Sunday, October 04, 2009

New Periodical: Tradition 42:2

New issue of Tradition 42:2 (Summer 2009) (link):

  • You Taught Me Musar and the Profit On It by R. Shalom Carmy -- The negative impact of cynical and derisive rabbe'im.

  • A Tale of Two Men in One City by Judy Taubes Sterman -- An intriguing new interpretation of the parable Nosson the prophet tells King David as a rebuke for the Bassheva incident (both men in the parable refer to different aspects of David's personality). Ultimately not convincing but clever and with profound psychological implications.

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  • Doctors and Medical Knowledge in Tosafist Circles by R. Aryeh Leibowitz -- A thorough investigation which concludes that Tosafists were not only positively disposed to the practice of medicine but somewhat versed in medical knowledge. I'm just not sure whether we can generalize to the extent that we say that all Tosafists shared the same views.

  • Kol Yisrael Areivim Zeh Ba-Zeh by R. Reubeen Rudman -- An analysis of different aspects of the concept, albeit fairly impressionistic (i.e. a few sources here and there on each topic rather than a comprehensive analysis). It seems to me more like a (good!) lecture than a thorough essay.

  • Our Poor and Their Poor: Philosophical Reflections by Prof. Baruch Brody -- A values-analysis of the ethical considerations in differentiating between Jewish and Gentile poor in charity-giving. This is similar to the type of values-analysis I tried to conduct in my recent essay on women's ordination and is, I believe, the way most complex halakhic decisions are made. I would benefit from Prof. Brody's essay being translated into halakhic categories and jargon but that isn't really his interest.

  • A Note on the Introduction to the Priestly Benediction (Birkat Kohanim) by Dr. Ben Zion Katz -- I thought this would be a boring article but it wasn't at all. It is a review of the positions and considerations in determining the wording of thr reference to kohanim in the introduction to the Priestly Benediction. The article made me aware of the issues and sources, but after that I don't see how it added much beyond a summary. It essentially ends with an unanswered question.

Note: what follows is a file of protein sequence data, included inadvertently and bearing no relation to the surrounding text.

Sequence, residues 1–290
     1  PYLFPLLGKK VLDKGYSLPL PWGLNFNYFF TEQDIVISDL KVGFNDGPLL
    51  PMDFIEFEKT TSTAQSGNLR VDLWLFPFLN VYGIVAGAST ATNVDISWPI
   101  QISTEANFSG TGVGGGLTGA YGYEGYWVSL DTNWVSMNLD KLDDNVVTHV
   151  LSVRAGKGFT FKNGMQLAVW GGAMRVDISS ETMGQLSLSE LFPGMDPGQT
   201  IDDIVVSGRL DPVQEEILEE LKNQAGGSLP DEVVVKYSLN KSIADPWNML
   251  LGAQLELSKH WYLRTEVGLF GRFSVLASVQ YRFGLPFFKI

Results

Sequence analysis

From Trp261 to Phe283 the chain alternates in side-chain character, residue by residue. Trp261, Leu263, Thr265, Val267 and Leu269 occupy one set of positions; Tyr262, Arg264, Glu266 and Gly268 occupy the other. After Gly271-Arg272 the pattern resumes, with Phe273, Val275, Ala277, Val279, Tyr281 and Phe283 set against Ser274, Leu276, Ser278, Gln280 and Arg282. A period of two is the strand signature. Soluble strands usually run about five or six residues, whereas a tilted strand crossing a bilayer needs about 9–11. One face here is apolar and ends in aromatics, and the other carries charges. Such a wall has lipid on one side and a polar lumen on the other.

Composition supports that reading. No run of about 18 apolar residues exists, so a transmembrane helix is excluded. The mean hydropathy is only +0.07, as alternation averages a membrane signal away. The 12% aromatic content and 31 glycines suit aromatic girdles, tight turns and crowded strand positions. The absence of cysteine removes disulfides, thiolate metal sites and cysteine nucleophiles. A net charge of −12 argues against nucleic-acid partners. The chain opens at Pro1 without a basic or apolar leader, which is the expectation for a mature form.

• Survey of Recent Halakhic Literature: In the Wake of Birkat Ha-Hammah 5769 by R. J. David Bleich -- A review of the new literature that emerged for this latest cycle (including a post on the Seforim blog and an article in the journal Hakirah, but not our e-book), as well as clarifications of some halakhic and philosophical issues on the subject (including the issue of Constant Creation vs. Constant Conservation that I asked R. Bleich about).

  • Communications -- A discussion by Dr. Baruch Alster of Bar Ilan and R. Shalom Carmy about the value of respectful discussion of human flaws in biblical characters. A detailed discussion of the "shifting sands" problem in explaining the Bible in line with contemporary science. According to Dr. Maier Becker, this is a fatal flaw. Dr. David Shatz responds at length, pointing out that 1) all interpretations are subject to replacement by later suggestions, 2) other modern tools such as philology and literary theory are subject to "shifting sands" as well, 3) leads to the suggestion that we cannot interpret the Bible to match any scientific statement, and 4) undercuts the acceptance of contemporary science even outside of discussions of biblical interpretation (I could be misstating or simply missing some of his points).

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